The development of the Australia Backpacker Murderer began when a group of hikers discovered a decaying corpse in the Belanglo State Forest in New South Wales on September 20, 1992. When authorities came to investigate the scene the next day, they discovered a second body 100 feet away from the original. Since 1989 seven hikers from Australia, Germany, and England, had gone missing. Police confirmed that the two bodies found belonged to Caroline Clarke and Joanne Walters, both British backpackers that had gone missing in April 1992. After a search of the area, no other bodies were found, and the investigation stalled.
Thirteen months later in October of 1993 a man discovered a human skull and a thigh bone in a remote part of the forest. When police responded, they found the remains of another body, and it was later discovered that they were the remains of Australian couple Deborah Everist and James Gibson who had gone missing in 1989. Some of their belongings had been found 100 kilometers away in the Northern suburbs of Sydney.
A month after the that discovery, a police sergeant discovered another human skull in a clearing of the forest. The remains were those of Simone Schmidl, a German hitchhiker who had gone missing in January 1991. The belongings of another missing hiker were found at the scene, and it led to the discovery of two more bodies. A few days later, the bodies of a German couple, Anja Habschied and Gabor Neugebauer, were found a few kilometers away. Their murders seemed particularly gruesome compared to the previous in the area. All the victims were shot and/or stabbed multiple times in the face or torso. However, Habschied was decapitated while Neugebauer was shot multiple times in the face.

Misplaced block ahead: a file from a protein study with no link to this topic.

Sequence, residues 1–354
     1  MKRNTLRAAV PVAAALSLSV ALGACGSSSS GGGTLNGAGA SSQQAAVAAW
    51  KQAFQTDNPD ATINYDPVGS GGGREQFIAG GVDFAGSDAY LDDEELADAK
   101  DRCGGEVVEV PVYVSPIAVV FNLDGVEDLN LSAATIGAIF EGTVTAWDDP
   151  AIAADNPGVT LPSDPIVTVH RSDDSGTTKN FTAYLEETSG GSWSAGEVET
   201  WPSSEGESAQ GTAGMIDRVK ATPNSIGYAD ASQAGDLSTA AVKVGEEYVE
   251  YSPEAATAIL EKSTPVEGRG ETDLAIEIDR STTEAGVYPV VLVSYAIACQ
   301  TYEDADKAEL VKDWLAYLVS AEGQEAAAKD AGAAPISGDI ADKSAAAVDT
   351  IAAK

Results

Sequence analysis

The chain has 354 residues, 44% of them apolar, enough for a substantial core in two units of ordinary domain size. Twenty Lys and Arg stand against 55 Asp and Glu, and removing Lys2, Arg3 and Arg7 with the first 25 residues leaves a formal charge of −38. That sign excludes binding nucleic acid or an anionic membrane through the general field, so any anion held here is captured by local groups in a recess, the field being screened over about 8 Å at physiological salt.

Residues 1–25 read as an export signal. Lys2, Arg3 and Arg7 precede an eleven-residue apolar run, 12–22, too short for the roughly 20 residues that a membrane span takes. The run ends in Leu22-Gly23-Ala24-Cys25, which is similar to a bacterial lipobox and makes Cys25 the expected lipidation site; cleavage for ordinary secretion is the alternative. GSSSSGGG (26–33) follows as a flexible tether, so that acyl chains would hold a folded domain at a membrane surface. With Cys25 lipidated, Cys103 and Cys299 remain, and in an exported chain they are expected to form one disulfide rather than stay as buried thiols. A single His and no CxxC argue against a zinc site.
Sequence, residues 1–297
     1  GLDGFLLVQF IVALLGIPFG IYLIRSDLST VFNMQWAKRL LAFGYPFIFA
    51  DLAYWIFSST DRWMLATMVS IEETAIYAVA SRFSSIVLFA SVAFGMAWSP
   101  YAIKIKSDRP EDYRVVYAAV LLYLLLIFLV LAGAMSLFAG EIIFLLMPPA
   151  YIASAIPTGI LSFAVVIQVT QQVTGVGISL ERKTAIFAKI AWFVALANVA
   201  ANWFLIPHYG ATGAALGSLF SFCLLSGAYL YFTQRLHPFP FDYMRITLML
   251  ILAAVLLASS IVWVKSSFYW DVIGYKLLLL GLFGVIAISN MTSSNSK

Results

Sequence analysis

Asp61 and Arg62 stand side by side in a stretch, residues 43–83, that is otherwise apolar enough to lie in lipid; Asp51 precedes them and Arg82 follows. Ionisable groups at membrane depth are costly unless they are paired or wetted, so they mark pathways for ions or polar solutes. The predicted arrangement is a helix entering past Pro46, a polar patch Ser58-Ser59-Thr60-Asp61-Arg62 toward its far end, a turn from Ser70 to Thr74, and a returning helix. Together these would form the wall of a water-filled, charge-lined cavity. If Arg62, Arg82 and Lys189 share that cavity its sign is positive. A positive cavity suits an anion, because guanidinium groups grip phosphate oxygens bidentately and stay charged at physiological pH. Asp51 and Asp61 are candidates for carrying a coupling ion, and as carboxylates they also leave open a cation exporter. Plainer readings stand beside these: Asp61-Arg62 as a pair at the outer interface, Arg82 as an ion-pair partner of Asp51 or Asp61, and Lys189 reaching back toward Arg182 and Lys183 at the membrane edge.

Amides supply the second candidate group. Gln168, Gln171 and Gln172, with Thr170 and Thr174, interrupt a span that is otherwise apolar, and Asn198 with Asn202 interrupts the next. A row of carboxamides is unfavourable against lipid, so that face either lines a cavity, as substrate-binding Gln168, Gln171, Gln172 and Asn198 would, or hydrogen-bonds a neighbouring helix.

As the investigation shortened their list of suspects from 230 to 32, a man from Britain named Paul Onions was called into the police department. He claimed to have been attacked by a man while hitchhiking in New South Wales in 1990. The woman who helped Onions escape the attack also reported the same incident. A girlfriend of a man who worked with someone named Ivan Milat called the police station to say she believed Milat should be questioned. It was then confirmed that Milat had not been at work the day of the attack on Onions. The police then discovered that Milat sold his car days after the first bodies were found. When they began to connect him to the murders, they called Onions to come to Australia and try to identify Milat. He recognized Milat as his attacker, and in May 1994, Ivan Milat was arrested for the murders of the seven backpackers. In July 1996, he was found guilty and given 7 life sentences for his murders with no chance of parole in addition to 18 years for his crimes against Paul Onions.
Back to Crime Library